The Haunted House
Thanakorn Papan
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The Haunted House: A True Ghost Story by Walter Hubbell

When John White took Esther to his house to reside, he performed a charitable deed, which no man in the village but himself had the heart to do. Both he and his good wife showed, by the kindness with which they treated the poor unhappy girl, that Heaven had at least inspired two hearts with that greatest of all virtues—Charity.

It was now January, 1879,—just four months since the manifestations first commenced. Esther had been at White's residence for two weeks, and had not seen anything of the ghost. She had improved very much in that short time, her nervousness having almost subsided, and she was contented and happy. Mrs. White, who found her of great assistance in the house, had become much attached to the girl, and treated her with the same kindness that she did her own children.

Towards the end of the third week her old enemy—the ghost—returned.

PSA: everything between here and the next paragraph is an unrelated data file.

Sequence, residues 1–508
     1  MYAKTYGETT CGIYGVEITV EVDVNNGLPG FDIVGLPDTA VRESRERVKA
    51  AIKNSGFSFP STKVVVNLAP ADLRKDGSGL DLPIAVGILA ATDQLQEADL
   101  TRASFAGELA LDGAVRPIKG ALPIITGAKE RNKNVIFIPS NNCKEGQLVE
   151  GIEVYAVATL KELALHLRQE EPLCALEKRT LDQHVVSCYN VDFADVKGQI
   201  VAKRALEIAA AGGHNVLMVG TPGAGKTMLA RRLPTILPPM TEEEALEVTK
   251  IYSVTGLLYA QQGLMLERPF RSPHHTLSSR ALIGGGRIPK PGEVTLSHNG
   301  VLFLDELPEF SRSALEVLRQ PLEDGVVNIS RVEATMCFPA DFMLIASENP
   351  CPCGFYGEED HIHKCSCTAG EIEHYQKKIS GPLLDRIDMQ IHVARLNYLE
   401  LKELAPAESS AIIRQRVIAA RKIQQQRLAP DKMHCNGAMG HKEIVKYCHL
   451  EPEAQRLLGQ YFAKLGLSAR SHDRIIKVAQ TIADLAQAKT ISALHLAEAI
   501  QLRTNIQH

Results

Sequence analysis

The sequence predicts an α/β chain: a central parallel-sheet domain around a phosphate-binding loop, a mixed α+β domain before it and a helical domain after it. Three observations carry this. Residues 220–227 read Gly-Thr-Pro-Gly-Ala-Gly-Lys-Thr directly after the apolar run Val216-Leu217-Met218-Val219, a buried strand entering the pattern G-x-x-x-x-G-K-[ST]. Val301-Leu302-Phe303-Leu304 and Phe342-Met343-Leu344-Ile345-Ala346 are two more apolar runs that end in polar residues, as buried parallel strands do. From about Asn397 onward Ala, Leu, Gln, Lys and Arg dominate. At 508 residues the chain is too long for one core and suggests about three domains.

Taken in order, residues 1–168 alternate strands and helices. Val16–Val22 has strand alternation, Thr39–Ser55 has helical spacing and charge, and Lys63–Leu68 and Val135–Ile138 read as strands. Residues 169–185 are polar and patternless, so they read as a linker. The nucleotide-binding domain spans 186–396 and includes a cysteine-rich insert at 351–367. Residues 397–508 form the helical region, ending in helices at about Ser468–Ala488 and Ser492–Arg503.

While Esther was scrubbing the hall at her new home, she was astonished to see her scrubbing brush disappear from her hand. When the ghost told her that he had taken it, she became much alarmed and screamed for Mrs. White, who, with her daughter Mary, searched the hall for it in vain. After they had abandoned their search, to the great astonishment of all, the brush fell from the ceiling—just grazing Esther's head in its fall. Here was a new manifestation of the ghostly power. He was able to take a solid substance from this material world of ours, and render it invisible by taking it into his mysterious state of existence; and, if he could take one object why not another; if a brush, why not a broom? But why speculate on so great a mystery? The ghost did it, and as we must draw the line somewhere, it is better to draw it here than to allow our minds to become dazed by such fellows as ghosts. Many other remarkable manifestations continued to take place almost daily for the next two weeks. The ghost could now tell how much money people had in their pockets, both by knocking and by telling Esther. He would answer any question asked in the above mentioned manner, and behaved himself very well indeed until the end of the sixth week, when his true devilish nature broke out again. He commenced setting fires about the house, and walking so that he could be heard distinctly. Of course John White would not run the risk of having his house burned down. So he persuaded Esther to remain during the day in his dining saloon, which stands opposite the well known book store of G.G. Bird, on the principal street.

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